In writing the memoir of a friend’s girlhood in Java during WWII, author Sally Brandle was challenged by disturbing truths about privilege and oppression, as well as contradictions in historical accounts, depending on the perspective.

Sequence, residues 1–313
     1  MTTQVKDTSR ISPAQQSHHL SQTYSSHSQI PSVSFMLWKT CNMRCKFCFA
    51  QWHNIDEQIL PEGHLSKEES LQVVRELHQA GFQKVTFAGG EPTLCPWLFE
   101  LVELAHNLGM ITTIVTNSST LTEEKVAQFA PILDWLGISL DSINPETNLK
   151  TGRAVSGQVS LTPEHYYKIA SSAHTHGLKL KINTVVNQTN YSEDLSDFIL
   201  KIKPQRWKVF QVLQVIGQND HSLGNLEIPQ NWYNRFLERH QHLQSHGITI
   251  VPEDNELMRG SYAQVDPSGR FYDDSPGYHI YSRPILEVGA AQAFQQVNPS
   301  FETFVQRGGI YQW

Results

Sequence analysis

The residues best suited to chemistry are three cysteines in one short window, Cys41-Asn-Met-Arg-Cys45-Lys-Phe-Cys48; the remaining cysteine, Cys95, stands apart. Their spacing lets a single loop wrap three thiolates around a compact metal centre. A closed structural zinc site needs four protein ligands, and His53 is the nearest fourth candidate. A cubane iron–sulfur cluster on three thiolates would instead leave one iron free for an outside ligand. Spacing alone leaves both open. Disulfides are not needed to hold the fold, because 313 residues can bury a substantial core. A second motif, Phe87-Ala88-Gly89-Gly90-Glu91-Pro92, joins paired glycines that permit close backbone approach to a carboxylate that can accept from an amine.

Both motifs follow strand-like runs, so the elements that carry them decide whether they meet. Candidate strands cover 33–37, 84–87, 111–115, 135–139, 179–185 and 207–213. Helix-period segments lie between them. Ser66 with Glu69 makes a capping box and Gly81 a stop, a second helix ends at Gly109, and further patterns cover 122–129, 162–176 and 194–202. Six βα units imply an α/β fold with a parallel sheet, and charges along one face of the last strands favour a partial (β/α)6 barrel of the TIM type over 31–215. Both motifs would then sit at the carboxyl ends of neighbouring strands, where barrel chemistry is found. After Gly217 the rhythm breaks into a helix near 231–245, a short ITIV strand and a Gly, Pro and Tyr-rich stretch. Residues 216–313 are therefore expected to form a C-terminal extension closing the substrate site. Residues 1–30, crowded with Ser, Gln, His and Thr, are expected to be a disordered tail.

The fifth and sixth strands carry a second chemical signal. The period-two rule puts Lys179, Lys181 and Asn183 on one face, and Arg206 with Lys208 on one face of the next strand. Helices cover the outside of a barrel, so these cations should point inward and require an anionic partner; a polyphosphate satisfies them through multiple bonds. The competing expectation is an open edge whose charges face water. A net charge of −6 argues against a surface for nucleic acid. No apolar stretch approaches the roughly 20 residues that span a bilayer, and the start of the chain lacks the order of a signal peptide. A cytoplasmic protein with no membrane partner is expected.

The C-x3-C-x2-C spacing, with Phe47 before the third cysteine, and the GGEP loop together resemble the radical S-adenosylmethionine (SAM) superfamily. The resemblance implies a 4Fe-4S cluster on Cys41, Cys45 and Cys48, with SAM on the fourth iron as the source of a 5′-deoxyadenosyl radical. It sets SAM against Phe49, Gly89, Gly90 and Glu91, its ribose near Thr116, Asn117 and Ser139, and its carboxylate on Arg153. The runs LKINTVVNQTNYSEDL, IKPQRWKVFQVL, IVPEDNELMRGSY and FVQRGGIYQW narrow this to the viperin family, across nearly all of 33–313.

Sally shares strategies for encouraging recall of memories and events when writing or ghost-writing a memoir, then recounts the fascinating life of a girl uncomfortable with her mixed-race heritage, caught in the tragedy of wartime in the Pacific Theater. The story raises complex questions of race, privilege, politics, and social justice - questions that are as relevant today as they were during 1930s Dutch colonial rule of Java, Indonesia, and the ensuing Japanese occupation during WWII.
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